MS Awareness Week 2017

John spoke yesterday (26/04/17) in George Adam’s member’s debate on MS Awareness Week 2017, you can read the text of his speech and watch it below:

I congratulate George Adam on a number of things: on the motion; on his role in the cross-party group on MS, which works effectively with the assistance of the MS Society; on his promotion of the positive aspects of dealing with the pernicious thing that is MS; and on his generally positive outlook, which I imagine is an essential characteristic of the St Mirren fan. I wish him—if not his team—very well.

The motion

“welcomes this opportunity to put … MS … on the agenda”.

To many people in the chamber, and to about 11,000 people in Scotland, their carers and loved ones, MS is never off the agenda. I had forgotten that we did not have a debate last year, because such debates seem to have been a regular feature, but I have been reflecting on what might have happened to people in the past year, given the undulating nature of the condition, which George described very well.

Presiding Officer, if I were able to use a prop, I would hold up a newspaper with the headline:

“MS sufferer slams ‘awful’ benefits chiefs who axed her Motability car in favour of £65,000 taxis”.

There is no doubt that the welfare reform that the cruel and heartless Tory Government at Westminster has foisted on us has had an impact on everyone, not least the woman in the article, whose car was one of the 800 Motability cars that are being taken away every week. The decision was reflected on, and the same Government department ruled that the woman qualified for help to get to her work, so the Government is now paying £19,000 a year for taxis. That is the economics of the madhouse. The decision is deeply offensive to the woman in question, and it shows a heartlessness that we really do not want to see.

What we want to see, of course, is independence and mobility. There are many practical issues in that regard, with which I deal regularly, as I am sure that other members do. I was keen to support the National Union of Rail, Maritime and Transport Workers case against driver-only operation and the loss of the safety-critical train guard, particularly when I heard that wheelchair-bound people are often carried beyond their stop because there is no assistance for them. The problem was eloquently explained to me by Gale Falconer, a friend in the Highlands who is an MS sufferer. In a meeting, she described the frustrations of travel, the planning that needs to go into it and the advice and support that are needed.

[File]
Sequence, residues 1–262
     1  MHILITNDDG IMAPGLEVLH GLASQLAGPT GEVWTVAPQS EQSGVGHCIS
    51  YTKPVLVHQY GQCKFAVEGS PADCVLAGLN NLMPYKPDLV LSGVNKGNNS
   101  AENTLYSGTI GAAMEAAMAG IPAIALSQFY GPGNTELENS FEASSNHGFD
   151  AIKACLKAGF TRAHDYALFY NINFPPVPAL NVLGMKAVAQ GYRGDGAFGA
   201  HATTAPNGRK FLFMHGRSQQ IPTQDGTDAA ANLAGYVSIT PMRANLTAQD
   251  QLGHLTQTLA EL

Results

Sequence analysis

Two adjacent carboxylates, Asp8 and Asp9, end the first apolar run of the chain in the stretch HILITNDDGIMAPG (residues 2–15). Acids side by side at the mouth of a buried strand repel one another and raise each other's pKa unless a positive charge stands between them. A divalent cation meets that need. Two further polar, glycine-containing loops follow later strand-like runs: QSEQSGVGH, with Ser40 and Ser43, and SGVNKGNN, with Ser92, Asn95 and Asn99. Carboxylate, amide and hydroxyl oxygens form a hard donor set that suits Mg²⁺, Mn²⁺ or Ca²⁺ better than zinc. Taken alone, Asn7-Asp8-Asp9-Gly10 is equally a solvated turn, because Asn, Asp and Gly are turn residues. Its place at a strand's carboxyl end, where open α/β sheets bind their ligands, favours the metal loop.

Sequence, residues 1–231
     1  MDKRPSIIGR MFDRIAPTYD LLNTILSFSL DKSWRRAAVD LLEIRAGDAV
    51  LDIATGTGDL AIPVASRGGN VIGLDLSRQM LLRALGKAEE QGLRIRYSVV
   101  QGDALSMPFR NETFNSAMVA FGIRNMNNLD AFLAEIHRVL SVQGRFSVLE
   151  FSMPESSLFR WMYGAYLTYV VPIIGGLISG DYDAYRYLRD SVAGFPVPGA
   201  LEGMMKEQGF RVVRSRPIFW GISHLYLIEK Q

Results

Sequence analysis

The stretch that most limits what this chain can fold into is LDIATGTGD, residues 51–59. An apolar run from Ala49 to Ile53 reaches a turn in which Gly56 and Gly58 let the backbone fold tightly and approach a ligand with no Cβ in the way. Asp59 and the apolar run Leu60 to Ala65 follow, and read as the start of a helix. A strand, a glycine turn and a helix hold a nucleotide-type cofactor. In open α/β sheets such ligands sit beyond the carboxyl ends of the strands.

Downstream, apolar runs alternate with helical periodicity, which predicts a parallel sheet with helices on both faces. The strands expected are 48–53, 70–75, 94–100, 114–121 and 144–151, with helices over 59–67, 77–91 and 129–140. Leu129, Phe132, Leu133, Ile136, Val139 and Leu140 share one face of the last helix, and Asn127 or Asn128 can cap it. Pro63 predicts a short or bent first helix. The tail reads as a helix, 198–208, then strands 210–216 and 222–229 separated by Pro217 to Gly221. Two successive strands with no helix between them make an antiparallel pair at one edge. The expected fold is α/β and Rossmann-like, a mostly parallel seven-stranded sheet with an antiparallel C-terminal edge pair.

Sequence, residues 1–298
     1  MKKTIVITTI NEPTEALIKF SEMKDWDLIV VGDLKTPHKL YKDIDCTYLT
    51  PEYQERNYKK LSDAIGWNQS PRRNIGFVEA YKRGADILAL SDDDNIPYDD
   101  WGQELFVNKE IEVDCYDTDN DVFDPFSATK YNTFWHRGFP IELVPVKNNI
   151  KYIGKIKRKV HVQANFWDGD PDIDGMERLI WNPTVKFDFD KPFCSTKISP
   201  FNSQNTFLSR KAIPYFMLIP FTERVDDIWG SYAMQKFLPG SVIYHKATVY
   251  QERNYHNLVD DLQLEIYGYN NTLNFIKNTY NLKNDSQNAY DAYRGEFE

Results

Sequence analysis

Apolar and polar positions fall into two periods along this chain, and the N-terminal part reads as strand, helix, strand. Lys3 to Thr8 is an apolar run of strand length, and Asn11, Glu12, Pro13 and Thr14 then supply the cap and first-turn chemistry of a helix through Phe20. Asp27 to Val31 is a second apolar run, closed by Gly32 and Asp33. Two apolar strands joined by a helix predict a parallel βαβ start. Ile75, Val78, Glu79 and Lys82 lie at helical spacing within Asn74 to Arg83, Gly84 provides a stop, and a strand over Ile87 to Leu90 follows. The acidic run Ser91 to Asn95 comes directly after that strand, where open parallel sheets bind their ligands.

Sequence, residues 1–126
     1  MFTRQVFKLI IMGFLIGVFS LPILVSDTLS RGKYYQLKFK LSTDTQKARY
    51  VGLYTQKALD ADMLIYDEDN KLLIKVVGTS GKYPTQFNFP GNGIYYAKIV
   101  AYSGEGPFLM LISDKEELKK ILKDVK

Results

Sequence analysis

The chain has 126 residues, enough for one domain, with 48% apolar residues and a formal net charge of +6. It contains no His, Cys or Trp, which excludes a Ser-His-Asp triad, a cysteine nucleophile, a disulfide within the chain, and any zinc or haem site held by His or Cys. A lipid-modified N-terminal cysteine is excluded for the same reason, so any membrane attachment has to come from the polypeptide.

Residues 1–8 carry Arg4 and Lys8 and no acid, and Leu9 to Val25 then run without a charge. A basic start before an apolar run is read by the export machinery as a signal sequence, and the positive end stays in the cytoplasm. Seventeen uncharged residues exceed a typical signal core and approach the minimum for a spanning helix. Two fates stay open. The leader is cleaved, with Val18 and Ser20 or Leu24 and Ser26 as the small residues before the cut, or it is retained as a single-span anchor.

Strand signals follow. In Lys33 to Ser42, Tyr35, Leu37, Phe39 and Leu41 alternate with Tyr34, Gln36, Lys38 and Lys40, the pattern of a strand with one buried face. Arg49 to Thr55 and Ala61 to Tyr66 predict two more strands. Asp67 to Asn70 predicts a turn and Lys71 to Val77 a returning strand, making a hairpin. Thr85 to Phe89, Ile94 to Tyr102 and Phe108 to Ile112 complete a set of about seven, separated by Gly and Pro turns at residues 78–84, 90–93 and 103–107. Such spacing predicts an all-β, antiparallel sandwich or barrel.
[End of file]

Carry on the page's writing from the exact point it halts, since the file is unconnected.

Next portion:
I am also dealing with someone with mobility issues in relation to the repeated failure of a lift at a ferry terminal. If we want to take a collaborative approach to the issue, we need to get such small things sorted. There are also challenges to do with bus travel, which are well known.

Although I have very limited time, I also want to talk about the challenges of recruiting specialists, be they neurologists or MS nurses. That has been touched on with regard to the situation in Lanarkshire. I am particularly concerned about the retention of specialist staff given the threat posed by Brexit.

There is a lot to be very positive about. I will not reiterate what was said in this afternoon’s carers debate, but there is a lot of common ground. Setting aside the partisan nature of some of the amendments that were lodged for that debate, there is a lot of recognition of the real benefit that carers provide.

The motion for this debate commends the charities, MS Society Scotland and the MS Trust, and I know about the good work that is happening across my area. In particular, I am aware of some innovative work in Moray. In fairly recent times I have visited MS therapy centres in Inverness, Kirkwall, Oban, Lochgilphead and Portree. There is much to be positive about and there are a lot of challenges, but people who suffer from MS need to know that the people in the chamber give them their unqualified support.

Once again, I thank George Adam for lodging the motion.